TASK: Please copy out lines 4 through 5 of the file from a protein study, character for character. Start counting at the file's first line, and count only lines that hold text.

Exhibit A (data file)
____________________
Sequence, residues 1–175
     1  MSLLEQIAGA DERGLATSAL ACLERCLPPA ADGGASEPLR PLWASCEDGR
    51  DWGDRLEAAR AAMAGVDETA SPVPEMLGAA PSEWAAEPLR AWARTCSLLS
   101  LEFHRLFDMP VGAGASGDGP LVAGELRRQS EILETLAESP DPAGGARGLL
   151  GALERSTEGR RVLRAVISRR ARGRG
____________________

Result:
   101  LEFHRLFDMP VGAGASGDGP LVAGELRRQS EILETLAESP DPAGGARGLL
   151  GALERSTEGR RVLRAVISRR ARGRG